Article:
“We were having a rollicking time,” he quipped. In fact, someone saw them laughing so much that the person, according to Bishop Looney, said, “They are so drunk, they think they are Methodist preachers.”

He also told the story of when he was serving as the bishop of the South Georgia Conference after being elected in 1988, and the people there were known for spoiling a bishop. He found out that was true when one person dumped 50 pounds of pecans into his car trunk.

His reply to the kind gesture was: “I’ve already gone to heaven.”

In the book are countless other stories both humorous and heartfelt, including some related to his time in the Chattanooga area.

His first pastorate after seminary was the three-point circuit of Byrd’s Chapel, Cave Springs and Rising Fawn in Dade County, Ga., which had about 160 members in the three churches combined.

He jokingly said young preachers given multiple churches used to say that the number of churches you were given was representative of the number of talents you had.

Although Bishop Looney remembered being told by one member that he was among a long line of greenhorn preachers right out of seminary those churches kept getting, they warmly embraced him, and he appreciated that.

“I am sure there will be a special place in heaven for small churches that loved and encouraged greenhorn preachers like myself,” he wrote.

Elsewhere in the book, he tells of another young preacher who came back to his home church and delivered with confidence a sermon. Afterward, he asked an older minister what he thought of the sermon, and he surprisingly received an honest appraisal that the young pastor just read it, he did not read it very well and that it was not worth reading.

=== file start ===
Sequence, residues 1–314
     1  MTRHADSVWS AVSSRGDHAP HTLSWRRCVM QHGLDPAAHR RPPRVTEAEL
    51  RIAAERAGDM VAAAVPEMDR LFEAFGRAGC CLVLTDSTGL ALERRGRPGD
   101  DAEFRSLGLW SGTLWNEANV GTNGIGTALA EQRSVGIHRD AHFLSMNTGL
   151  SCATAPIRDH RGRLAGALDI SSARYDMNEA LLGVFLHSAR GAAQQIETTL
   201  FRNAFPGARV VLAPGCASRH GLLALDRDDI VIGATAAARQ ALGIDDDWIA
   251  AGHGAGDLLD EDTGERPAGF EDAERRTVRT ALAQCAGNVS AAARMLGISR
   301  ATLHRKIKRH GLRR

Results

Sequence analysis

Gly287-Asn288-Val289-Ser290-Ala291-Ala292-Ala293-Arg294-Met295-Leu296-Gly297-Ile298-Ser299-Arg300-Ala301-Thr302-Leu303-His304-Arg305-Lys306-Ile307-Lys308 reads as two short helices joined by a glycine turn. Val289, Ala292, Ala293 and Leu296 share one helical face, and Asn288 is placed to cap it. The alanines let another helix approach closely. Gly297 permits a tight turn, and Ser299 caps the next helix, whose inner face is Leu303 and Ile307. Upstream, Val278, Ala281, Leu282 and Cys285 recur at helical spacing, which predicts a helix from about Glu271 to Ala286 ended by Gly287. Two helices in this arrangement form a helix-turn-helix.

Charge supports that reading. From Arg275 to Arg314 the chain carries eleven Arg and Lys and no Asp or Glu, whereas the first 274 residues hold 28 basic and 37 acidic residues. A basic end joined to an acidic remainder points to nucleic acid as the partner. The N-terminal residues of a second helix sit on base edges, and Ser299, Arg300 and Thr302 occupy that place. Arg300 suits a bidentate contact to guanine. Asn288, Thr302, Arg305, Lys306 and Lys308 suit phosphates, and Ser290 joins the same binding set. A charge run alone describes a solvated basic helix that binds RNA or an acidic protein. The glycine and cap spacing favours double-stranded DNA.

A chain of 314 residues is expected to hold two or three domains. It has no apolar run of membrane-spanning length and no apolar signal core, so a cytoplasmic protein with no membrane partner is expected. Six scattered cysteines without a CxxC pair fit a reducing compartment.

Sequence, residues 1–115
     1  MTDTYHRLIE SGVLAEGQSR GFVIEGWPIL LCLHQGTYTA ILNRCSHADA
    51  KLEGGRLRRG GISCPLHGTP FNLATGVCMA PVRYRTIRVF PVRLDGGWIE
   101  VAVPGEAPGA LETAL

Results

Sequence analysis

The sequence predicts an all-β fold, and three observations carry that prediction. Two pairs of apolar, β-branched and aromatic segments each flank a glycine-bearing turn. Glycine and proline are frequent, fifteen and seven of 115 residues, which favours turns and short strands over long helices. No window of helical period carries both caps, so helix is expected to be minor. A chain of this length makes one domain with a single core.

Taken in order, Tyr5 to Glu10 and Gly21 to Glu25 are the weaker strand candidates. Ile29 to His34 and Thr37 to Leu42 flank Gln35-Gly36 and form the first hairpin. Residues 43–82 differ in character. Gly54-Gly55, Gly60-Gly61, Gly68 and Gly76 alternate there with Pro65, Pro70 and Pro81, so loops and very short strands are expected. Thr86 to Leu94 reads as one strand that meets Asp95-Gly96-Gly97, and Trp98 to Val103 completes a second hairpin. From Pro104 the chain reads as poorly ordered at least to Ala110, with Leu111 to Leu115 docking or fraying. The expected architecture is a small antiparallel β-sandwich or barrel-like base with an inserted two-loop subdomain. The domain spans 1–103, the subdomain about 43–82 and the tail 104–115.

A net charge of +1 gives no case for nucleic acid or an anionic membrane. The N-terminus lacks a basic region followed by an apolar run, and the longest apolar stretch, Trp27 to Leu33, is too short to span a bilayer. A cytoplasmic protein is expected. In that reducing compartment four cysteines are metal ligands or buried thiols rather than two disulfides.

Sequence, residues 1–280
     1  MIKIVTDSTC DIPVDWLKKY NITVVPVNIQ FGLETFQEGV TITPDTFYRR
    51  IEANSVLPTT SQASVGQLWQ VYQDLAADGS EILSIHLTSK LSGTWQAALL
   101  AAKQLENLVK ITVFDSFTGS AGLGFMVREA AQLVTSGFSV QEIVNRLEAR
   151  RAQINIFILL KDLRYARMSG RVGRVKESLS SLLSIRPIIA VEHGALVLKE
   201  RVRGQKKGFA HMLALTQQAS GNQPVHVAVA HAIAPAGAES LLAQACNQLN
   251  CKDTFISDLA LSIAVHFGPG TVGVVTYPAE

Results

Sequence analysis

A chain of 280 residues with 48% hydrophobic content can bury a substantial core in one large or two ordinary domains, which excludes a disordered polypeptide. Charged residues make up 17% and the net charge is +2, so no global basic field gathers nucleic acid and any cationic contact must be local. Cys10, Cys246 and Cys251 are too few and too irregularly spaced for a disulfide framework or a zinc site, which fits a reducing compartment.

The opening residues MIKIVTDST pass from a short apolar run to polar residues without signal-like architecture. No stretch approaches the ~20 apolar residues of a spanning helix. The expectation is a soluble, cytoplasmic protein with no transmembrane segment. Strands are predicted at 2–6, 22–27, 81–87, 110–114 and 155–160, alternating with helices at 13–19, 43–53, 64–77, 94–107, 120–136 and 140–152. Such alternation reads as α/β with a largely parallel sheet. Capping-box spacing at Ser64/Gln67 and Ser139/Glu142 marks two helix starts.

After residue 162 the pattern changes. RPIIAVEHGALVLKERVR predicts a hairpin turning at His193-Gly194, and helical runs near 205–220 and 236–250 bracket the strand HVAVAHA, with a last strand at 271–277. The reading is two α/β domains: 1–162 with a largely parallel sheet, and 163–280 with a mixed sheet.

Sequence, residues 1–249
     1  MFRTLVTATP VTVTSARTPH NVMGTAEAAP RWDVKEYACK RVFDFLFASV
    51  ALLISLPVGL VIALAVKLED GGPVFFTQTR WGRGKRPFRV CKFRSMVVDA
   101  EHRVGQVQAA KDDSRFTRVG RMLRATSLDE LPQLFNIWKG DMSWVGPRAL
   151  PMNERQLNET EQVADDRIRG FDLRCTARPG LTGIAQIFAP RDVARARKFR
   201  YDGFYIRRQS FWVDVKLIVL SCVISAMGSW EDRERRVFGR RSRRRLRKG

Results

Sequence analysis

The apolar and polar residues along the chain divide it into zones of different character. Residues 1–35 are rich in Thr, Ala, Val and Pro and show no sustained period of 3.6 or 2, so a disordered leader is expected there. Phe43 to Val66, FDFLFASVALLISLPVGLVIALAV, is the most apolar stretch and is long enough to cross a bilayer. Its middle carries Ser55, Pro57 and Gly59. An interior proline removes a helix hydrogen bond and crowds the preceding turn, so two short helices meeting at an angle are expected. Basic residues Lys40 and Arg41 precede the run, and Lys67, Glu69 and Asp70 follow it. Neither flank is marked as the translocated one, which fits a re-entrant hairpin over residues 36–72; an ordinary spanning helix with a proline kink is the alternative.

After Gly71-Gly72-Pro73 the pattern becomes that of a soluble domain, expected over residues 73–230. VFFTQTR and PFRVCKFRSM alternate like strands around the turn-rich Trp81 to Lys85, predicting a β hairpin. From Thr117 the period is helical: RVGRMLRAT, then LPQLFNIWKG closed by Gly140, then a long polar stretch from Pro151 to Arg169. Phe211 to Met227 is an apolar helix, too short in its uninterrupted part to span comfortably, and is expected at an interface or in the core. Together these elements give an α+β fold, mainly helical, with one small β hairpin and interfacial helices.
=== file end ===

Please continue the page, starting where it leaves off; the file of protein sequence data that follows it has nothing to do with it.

Of his time as Chattanooga district superintendent from 1976-79, he said the local area then was a great mix of urban and rural, and small and large, churches with varying styles of worship. “I was inspired and challenged by the new understanding of the greatness of the Church,” he wrote.

He also praised the longtime district office administrative assistant Ethel Starnes and her work. He wrote that one time he was to be gone for three weeks on a mission trip, and someone asked him who would look after the district while he was away. Referencing Ms. Starnes, he quipped, “The same person who looks after it while I’m here.”

Bishop Looney’s career has also included serving as the senior pastor at the large downtown churches in both Johnson City and Knoxville: Munsey Memorial UMC and Church Street UMC, respectively.

He currently has the honorary title of bishop in residence at First-Centenary UMC in downtown Chattanooga. He occasionally still preaches there when filling in for one of the ministers or by invitation, and he had followed his lifelong involvement in music by singing in the First-Centenary choir until not long before the COVID-19 outbreak of early 2020.

In summing up the book, Bishop Looney added that he hopes it is worthwhile to any person of the faith, including pastors who often deal with the sadness of their church members regarding family deaths and personal illnesses.

“Laughter is renewing and healing,” he said after telling yet another story of some advice he once received: that preachers should enjoy preaching because people don’t want to go and watch the minister suffer.  

* * * * *


- photo by John Shearer